Shea mentioned another problem: graffiti on the rocks. “The toll on the mountain with people defacing the place is awful,” he said.

Route 9D

The town and county group likewise discussed the Route 9D speed limit, which for a stretch north of Cold Spring is 55 mph (despite the many pedestrians who use the road to reach trails), although it is 45 mph going south from Beacon and is also lower in Garrison.

“This discussion has been going on and on for years,” Shea observed. He said the state apparently won’t change the 55-mph sign until work concludes on the Fjord Trail, a planned path between Cold Spring and Beacon.

Councilor Nancy Montgomery suggested the county help pressure the state to act sooner. Sutton agreed. “Collectively we should all have our voices heard,” he said.

Weekend car and pedestrian traffic near the entrance of Little Stony Point. (File photo by M. Turton)

In Cold Spring, too, cars endanger pedestrians, even around the Haldane school campus, Shea added. Some drivers don’t stop for a crosswalk even when a crossing guard is present, he said.

Sutton and Lipton proposed measures such as flashing signs that inform drivers of their speed and remind them of the limit.


HOW WE REPORT
Trust MarkThe Current is a member of The Trust Project, a consortium of news outlets that has adopted standards to allow readers to more easily assess the credibility of their journalism. Our best practices, including our verification and correction policies, can be accessed here. Have a comment? A news tip? Spot an error? Email editor@highlandscurrent.org.

One thought on “Emergency Services Officials Discuss Mutual Problems

  1. These roads are increasingly crowded, more intensively used than in the past.

    Keeping roadside brush properly cut, generally, on narrow roads, is low-hanging fruit, so to speak. This should be done regularly. It as well improves visibility for drivers in terms of deer and pedestrians, and other vehicles, nearby, which are other potential causes of accidents.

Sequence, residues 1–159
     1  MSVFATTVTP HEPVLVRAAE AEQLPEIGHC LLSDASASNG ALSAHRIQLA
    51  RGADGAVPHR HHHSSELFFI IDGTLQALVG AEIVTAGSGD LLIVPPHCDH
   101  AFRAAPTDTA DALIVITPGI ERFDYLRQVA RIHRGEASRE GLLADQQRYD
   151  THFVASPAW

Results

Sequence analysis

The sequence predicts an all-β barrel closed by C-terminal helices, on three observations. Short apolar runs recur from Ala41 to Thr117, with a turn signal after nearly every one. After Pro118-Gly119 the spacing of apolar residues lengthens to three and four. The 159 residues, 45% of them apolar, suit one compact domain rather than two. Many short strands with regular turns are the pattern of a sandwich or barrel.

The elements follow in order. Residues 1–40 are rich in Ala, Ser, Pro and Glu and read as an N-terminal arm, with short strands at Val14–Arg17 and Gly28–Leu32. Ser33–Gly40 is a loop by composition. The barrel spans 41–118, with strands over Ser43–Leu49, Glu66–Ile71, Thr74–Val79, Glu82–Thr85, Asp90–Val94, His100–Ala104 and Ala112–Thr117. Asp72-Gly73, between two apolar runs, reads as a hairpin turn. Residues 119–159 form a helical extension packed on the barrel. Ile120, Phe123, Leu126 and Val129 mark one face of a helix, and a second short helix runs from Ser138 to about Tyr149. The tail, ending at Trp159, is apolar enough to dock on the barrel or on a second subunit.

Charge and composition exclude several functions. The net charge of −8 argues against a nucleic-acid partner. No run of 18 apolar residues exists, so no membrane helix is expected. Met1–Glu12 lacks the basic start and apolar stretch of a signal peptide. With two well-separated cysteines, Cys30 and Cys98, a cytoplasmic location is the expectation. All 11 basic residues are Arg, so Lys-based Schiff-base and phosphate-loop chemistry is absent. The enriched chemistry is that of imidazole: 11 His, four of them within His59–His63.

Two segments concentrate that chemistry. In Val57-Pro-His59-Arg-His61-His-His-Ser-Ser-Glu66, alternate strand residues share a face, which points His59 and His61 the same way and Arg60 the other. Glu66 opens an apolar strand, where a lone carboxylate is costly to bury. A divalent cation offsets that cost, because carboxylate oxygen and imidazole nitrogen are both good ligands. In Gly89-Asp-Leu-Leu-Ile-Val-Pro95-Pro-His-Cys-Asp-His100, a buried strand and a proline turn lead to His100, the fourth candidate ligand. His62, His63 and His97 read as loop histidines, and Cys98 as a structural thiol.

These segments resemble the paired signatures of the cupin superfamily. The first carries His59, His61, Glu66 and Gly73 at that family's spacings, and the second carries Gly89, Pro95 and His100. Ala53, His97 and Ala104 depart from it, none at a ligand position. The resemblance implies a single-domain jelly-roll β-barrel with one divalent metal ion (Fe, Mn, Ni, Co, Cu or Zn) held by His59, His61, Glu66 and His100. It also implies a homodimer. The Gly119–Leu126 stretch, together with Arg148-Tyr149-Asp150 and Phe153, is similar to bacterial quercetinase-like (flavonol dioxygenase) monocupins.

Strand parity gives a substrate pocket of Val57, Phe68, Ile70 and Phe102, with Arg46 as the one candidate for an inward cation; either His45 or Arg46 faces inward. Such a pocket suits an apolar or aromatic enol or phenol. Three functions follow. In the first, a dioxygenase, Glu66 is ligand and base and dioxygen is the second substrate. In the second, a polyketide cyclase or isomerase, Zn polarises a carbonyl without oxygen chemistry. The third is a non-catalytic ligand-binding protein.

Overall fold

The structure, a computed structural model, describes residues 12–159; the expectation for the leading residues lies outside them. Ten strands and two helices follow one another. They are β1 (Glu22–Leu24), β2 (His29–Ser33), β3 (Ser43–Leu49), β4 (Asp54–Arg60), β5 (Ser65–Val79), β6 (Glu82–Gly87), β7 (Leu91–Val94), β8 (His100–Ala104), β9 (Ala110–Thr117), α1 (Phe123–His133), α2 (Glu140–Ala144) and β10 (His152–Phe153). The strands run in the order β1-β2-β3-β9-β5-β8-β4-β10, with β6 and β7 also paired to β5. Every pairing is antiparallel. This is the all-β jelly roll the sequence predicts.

There is absolutely no excuse that Park Rangers (not them personally but the state and the management who budget for their numbers and their assignments) to be an hour away from any point in these most heavily used parks (or preserves) in the state. Absolutely no excuse.

    The speed limit in the narrow and ill-maintained, non-conforming tunnel on 9D, dating from 1932, including the sharp, blind right turn upon exiting northbound, should have been reduced from 55 mph a long time ago, independently of the status of the Fjord Trail. It’s not too late to make this change. Also, there probably should be another (small) bore for pedestrians, hikers, and bicyclists. If tunnels can be made during the days of FDR’s governorship, they can be made, and repaired, today.

    On the other hand, all this increased activity on roads and trails is an indication, perhaps, that local and regional management and stewardship has been doing some things right. Or that someone has been getting things right.